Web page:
is contained in this document?

A. Immediately before this draft order was written, the
Supreme Commander West requested that now, after the
beginning of the invasion, the Commando Order should be
rescinded altogether. I approved that proposal. A draft was
submitted to me here which rescinded the order only
partially, namely in the immediate area of the beach-head
and in Brittany - that is a little farther from the
beach-head - where landings of parachutists were taking
place daily at that time.

THE PRESIDENT: At the time of your objection was not this
document rejected? You told us that you objected to the
document. What I am asking you is what did the Tribunal do
upon your objection, did they maintain it or did they deny

DR. EXNER: The objection was allowed and I think the
document was struck off.

THE PRESIDENT: Well, why are you putting it in now?

DR. EXNER: I did not ask at the time to have the document
struck off, I merely objected that no mention was made of
the fact that the draft order in the document was crossed
out, and that it clearly bore a hand-written marginal note
of Jodl in which he rejected it.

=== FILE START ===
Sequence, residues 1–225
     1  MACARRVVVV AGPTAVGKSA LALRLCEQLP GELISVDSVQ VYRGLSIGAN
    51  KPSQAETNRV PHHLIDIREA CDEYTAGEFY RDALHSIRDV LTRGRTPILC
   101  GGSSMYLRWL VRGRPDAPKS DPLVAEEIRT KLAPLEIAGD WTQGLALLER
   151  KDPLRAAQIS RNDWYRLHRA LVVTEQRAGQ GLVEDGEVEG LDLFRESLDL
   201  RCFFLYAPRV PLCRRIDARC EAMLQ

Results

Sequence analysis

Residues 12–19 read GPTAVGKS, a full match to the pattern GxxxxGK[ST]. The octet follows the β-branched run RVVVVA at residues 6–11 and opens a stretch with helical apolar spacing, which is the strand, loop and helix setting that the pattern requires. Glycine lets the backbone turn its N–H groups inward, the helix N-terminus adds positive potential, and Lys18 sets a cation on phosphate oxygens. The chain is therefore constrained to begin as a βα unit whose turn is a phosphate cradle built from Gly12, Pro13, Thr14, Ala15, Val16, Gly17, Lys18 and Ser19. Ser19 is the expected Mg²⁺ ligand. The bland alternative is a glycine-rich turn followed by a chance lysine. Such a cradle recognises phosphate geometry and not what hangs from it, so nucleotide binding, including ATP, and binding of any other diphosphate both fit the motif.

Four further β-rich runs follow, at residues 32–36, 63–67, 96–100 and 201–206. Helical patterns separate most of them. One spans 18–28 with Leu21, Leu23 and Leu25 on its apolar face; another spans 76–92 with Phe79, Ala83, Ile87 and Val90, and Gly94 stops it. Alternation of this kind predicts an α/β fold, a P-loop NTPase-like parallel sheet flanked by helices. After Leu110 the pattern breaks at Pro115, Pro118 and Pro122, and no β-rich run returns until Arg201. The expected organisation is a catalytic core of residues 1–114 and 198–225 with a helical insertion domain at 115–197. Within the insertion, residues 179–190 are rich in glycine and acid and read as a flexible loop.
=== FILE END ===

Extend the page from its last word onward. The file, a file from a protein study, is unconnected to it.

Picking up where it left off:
THE PRESIDENT: Just a minute. Either the document was
offered in evidence or it was not and either it has got an
exhibit number or it has not, and as I understand your
objection was rejected.

MR. ROBERTS: It was in fact objected to by Dr. Exner, after
having been given the French Exhibit RF 368, and after
discussion it was then struck from the record, the English
shorthand note reference being Page 289. My Lord, I think in
fact both the prosecution and the defence agreed it has
Jodl's writing upon it, and, therefore, I feel certain that
there can be no question as to its admissibility, either on
behalf of the prosecution or the defence. My Lord, I
certainly intend, with the permission of the Tribunal, to
cross-examine him about it, and I have not the slightest
objection to my friend, Dr. Exner, putting it in.